The year was 1655 and the ivory coloured walls of Pier 1 sat soaked in sun, waiting for the next shipment of pacific salmon and giant tuna to steam into the harbour.
Winter had been long and the patrons anxiously awaited the burning smell of the smokers that would soon be as active as Johnny’s brothel, the cheapest joint in town.
The doors scarcely had a moment of rest, as they sat glistening in the bright sunlight that was disturbed at every random moment one of the hungry linesmen got a call.
But none of the folks seemed to care one bit, as they hurried along on their usual ways, that the ambient energy of the scene had just shifted from blue to green.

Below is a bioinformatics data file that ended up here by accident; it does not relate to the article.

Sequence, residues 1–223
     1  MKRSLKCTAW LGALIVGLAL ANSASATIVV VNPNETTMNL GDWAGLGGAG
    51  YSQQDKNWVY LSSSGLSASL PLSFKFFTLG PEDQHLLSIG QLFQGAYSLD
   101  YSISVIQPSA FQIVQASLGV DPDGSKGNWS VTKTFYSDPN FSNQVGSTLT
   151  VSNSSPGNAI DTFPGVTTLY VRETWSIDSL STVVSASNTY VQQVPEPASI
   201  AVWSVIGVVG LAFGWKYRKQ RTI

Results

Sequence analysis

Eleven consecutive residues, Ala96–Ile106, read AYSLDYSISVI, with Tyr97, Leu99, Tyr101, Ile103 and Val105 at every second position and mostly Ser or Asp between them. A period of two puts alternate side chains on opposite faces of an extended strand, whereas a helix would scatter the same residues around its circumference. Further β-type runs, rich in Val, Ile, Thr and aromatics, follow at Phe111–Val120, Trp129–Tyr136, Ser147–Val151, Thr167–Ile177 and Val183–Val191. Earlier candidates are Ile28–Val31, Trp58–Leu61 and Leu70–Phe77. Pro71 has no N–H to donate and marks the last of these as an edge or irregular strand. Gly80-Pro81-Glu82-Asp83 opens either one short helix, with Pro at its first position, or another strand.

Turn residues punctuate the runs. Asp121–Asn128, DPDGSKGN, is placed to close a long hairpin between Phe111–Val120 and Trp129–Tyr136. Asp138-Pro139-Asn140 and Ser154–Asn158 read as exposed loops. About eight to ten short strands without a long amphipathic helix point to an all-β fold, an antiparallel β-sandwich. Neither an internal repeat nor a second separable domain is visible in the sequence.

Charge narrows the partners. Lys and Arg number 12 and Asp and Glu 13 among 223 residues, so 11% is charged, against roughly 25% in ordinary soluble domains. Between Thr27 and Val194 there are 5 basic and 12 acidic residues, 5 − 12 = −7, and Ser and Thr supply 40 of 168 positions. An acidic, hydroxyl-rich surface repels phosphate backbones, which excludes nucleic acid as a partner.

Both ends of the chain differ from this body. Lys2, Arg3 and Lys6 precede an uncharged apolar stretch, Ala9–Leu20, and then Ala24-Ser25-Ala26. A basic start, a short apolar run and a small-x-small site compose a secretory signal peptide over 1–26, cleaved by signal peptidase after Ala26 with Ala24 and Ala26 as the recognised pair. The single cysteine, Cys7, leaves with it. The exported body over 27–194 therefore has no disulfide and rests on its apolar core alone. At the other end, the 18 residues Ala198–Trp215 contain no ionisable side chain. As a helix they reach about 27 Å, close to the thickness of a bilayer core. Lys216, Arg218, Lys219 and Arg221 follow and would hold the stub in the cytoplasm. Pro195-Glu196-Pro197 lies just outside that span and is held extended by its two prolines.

Many of the men seemed to grow and inch or two with anticipation, a look upon their faces that spoke a thousand days of hunger, that glint in their eye.
The loud horn from a distance blared and reminded sailors of old, nearly forgotten stories of y’or.
Wives waited impatiently with children in anticipation of the success of the trip, who really knew these days which each passing oar that combed the streets.
Who really believed in the word of mouth anyways when it all turned out the same anyways?
Change really wasn’t common along these streets, same people, same horses, same carts, and the same grievances.
All the same except this months catch: halibut, salmon, tuna.. you know, the usual shit.
This was the situation, as we walked into the doors at the Port of San Francisco.